Hon. Patricia Bovey: This is a very important bill and I do support Bill C-237, calling for a national framework and strategy on diabetes. I’m going to be very personal in my comments, building on the excellent speeches we’ve already heard. I’m going to start with the Nobel Prize-winning discovery of 100 years ago — that of insulin. What a great contribution Canada gave to the health of the world. Many Canadians have heard me say for decades that I believe scientists and artists are about 20 years ahead of the rest of us. They have a special makeup with an experimental curiosity to know more, find out more and help. That is a real gift. Sometimes we see both attributes and capabilities in one person, as with Sir Frederick Banting, who with Charles Best discovered insulin, and who went into the Canadian wilderness to paint with Canadian Group of Seven artist A.Y. Jackson. He executed quite remarkable paintings.
Now to the personal. Forgive me, I am going to be very personal in this. I do know that Type 1 and Type 2 diabetes are different diseases. My first husband, who died of a heart attack almost 17 years ago, was diagnosed with Type 2 some 10 or more years before he passed. I have to say he managed it expertly for years, but as you all know, diabetes and heart disease are connected. A year ago in early April, my granddaughter in the U.K., then 9, was diagnosed with Type 1. I have learned that there’s no hereditary link between Type 1 and Type 2, so there’s no link between the granddaughter and the grandfather she never knew. Her diagnosis was sudden and came as a real surprise. She’s bright and athletic and had no prior symptoms.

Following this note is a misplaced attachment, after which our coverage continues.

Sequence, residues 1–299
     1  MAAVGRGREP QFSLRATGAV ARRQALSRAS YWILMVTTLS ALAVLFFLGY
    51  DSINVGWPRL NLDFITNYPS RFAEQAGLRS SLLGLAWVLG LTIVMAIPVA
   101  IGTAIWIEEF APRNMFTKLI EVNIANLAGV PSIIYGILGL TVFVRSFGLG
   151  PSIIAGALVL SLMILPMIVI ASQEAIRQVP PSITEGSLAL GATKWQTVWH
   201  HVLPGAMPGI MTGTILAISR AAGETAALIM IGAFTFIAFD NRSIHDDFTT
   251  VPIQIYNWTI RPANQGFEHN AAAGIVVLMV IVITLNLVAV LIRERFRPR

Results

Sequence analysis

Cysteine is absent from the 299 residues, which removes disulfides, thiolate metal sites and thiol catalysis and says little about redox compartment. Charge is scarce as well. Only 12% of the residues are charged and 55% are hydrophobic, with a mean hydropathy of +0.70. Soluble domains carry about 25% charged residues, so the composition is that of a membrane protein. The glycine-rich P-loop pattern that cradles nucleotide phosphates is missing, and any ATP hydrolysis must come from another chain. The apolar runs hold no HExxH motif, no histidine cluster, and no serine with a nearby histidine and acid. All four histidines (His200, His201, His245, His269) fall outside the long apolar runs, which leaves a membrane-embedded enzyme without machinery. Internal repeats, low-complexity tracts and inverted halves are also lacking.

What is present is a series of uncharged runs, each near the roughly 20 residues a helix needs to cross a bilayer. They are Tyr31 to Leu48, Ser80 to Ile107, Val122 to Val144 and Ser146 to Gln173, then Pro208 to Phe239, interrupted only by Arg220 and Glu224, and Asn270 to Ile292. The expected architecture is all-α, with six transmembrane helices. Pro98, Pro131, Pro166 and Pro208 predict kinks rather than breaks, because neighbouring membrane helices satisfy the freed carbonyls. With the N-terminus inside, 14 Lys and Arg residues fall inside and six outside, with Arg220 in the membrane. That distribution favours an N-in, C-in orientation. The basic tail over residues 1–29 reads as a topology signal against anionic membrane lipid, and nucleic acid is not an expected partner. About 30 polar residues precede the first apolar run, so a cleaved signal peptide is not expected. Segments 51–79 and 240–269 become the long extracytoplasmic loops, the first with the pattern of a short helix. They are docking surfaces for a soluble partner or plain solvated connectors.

I know many of us have had to deal with such surprises as partners, parents, grandparents and friends. In Zoe’s case, she was rushed to King’s Hospital London at the height of their COVID first wave. She was the only child in the whole pediatric wing of that esteemed hospital. Her father, who took her there, had to stay with her for the whole time, which was more than a week. Given COVID rules, her mother and sister were not allowed to visit at all. They were some very dicey days, and I am so blessed that she and her immediate family have the spirit, resilience and determination they do. Of course with COVID, I have not been able to see her or any of her family, save on Zoom or FaceTime, for over 18 months. However, I’m lucky we have the technology we do today. For my part, in the midst of my stress and anxiety through all this, I want to thank Senator Ravalia. He kindly heard me out in my state and underlined the research and the lead Kings was doing internationally, coupled with researchers here in Canada.
Since then, I have to say I am very proud of young Zoe. Just after her tenth birthday several months ago, she administered her insulin injection herself and is now on top of calculating the carbohydrates for her next meal — thus her insulin need, which she has to give herself 10 minutes before she eats, and on she goes. Early on, she instinctively knew when her sugars were too high or too low and could do the finger pricks herself to confirm where she was at. She has declined an insulin pump for now, which really surprised me. However, in one of our long and wonderful two-person FaceTimes, she said:
Mama, I need to know how to do it without technology, in case technology fails. Then I will get the technology. That way, I’ll know what to do.
I was pretty proud of her approach.